Better soil health from less grazed pastures

Better soil health from less grazed pastures

UK pastures have been shown to have better soil health and more plant diversity when they are less intensively farmed

Researchers have shown – for the first time – that less intensively managed British grazed grasslands have on average 50% more plant species and better soil health than intensively managed grassland. The new study could help farmers increase both biodiversity and soil health, including the amount of carbon in the soil of the British countryside.

Grazed grassland makes up a large proportion of the British countryside and is vital to farming and rural communities. This land can be perceived as only being about food production, but this study gives more evidence that it could be key to increasing biodiversity and soil health.

Researchers at the UK Centre for Ecology & Hydrology (UKCEH) studied 940 plots of grassland, comparing randomly selected plots which sampled the range of grassland management across Great Britain; from intensively-managed land with a few sown grassland species and high levels of soil phosphorus (indicating ploughing/ reseeding and fertiliser and slurry application), to grassland with higher levels of species and lower levels of soil phosphorus.

The plots were sampled as part of the UKCEH Countryside Survey, a nationally representative long-term dataset.

The study counted the number of plant species in sample areas and analysed co-located soil samples for numbers of soil invertebrates and carbon, nitrogen and phosphorus levels.

See also: Bee diversity improved by ‘flower strips’ on farms

better soil health

Researchers found that less intensively managed grassland had greater diversity of plant species and, strikingly, this correlated with better soil health, such as increased nitrogen and carbon levels and increased numbers of soil invertebrates such as springtails and mites.

In the same study, the researchers used the same methods to examine the plant diversity and soil from grasslands on 56 mostly beef farms from the Pasture Fed Livestock Association (PFLA) – a farmer group that has developed standards to manage and improve soil and pasture health.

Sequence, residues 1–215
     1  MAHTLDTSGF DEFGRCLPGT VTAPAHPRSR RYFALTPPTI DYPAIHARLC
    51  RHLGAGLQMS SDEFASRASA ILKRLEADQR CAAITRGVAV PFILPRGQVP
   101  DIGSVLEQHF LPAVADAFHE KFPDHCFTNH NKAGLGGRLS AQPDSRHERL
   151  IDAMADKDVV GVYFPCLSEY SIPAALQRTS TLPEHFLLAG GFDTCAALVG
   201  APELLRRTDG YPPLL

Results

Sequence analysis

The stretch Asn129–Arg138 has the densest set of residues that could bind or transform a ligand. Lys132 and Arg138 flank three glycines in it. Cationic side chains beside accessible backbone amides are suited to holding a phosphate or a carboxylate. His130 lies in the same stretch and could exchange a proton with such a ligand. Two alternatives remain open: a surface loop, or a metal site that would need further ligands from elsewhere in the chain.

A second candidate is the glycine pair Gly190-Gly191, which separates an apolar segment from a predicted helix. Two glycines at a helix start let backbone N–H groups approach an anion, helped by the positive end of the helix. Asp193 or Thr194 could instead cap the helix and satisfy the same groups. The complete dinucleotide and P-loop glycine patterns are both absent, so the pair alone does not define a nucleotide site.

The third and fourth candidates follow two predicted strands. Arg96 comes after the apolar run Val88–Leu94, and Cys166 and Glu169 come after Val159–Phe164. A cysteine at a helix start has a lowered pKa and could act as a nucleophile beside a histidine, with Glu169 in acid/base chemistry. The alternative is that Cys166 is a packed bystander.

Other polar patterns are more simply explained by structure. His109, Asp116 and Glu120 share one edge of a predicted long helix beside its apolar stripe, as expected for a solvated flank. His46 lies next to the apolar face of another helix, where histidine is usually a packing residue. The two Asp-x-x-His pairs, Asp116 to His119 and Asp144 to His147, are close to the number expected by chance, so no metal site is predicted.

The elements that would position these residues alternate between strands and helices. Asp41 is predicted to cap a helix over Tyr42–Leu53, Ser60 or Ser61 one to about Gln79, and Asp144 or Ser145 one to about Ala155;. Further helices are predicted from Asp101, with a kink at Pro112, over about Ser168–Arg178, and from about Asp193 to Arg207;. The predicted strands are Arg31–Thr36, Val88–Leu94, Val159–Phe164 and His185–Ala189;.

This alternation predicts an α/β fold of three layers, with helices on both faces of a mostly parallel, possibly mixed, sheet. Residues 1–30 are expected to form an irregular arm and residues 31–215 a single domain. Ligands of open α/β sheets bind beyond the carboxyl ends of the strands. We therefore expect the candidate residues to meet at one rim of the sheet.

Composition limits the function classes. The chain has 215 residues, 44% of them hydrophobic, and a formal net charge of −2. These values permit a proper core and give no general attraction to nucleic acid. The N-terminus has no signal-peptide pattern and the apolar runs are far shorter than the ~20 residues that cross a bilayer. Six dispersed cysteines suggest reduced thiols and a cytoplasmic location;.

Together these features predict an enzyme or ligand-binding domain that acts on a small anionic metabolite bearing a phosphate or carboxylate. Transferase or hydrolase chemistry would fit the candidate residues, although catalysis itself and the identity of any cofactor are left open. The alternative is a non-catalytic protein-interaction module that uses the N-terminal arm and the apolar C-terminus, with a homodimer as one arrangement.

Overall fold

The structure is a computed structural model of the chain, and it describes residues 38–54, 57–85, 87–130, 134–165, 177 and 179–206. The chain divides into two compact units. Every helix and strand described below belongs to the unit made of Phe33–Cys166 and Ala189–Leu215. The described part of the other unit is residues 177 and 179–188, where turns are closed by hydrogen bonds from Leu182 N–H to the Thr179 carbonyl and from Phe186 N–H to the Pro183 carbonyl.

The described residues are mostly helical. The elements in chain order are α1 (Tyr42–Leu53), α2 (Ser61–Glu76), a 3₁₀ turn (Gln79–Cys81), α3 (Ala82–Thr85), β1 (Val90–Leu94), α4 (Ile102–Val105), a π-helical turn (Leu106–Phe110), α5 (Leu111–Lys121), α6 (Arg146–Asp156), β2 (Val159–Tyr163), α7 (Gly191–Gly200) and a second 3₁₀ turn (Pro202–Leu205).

The researchers found that plots of land from PFLA farms had greater plant diversity – on average an additional six plant species, including different types of grasses and herbaceous flowering plants, compared to intensively farmed plots from the Countryside Survey. In addition, grassland plants on these farms were often taller, a quality which is proven to be beneficial to butterflies and bees.

PFLA grasslands did not yet show increased soil health, but the research indicated that this may be due to a time lag between increasing numbers of plant species and changes in soil health, particularly on farms which have been intensively managed in the past.

Lead author Dr Lisa Norton, senior scientist at UKCEH, said: “We’ve shown for the first time, on land managed by farmers for production, that a higher diversity of plants in grasslands is correlated with better soil health. This work also tells us that the Pasture Fed Livestock Association members are on the right track to increase biodiversity, though it may take longer to see improvements in soil health.

“Grassland with different types of plants able to grow tall and flower is associated with improved soil health measures, and is beneficial for creepy crawlies below and above ground. Having this abundance of life in our grasslands can in turn support small mammals and birds of prey, and farmers have told us that they are seeing voles and mice in their fields for the first time.”

She added: “My hope for the future is that our grasslands can be managed less intensively – with all the improvements in plant and animal biodiversity and soil health that brings – but still remain productive for farmers.”

The study was published in the journal Ecology Solutions and Evidence. 

Image: Cows fed on pasture in Arnside, Cumbria, UK. © Markus Wagner.

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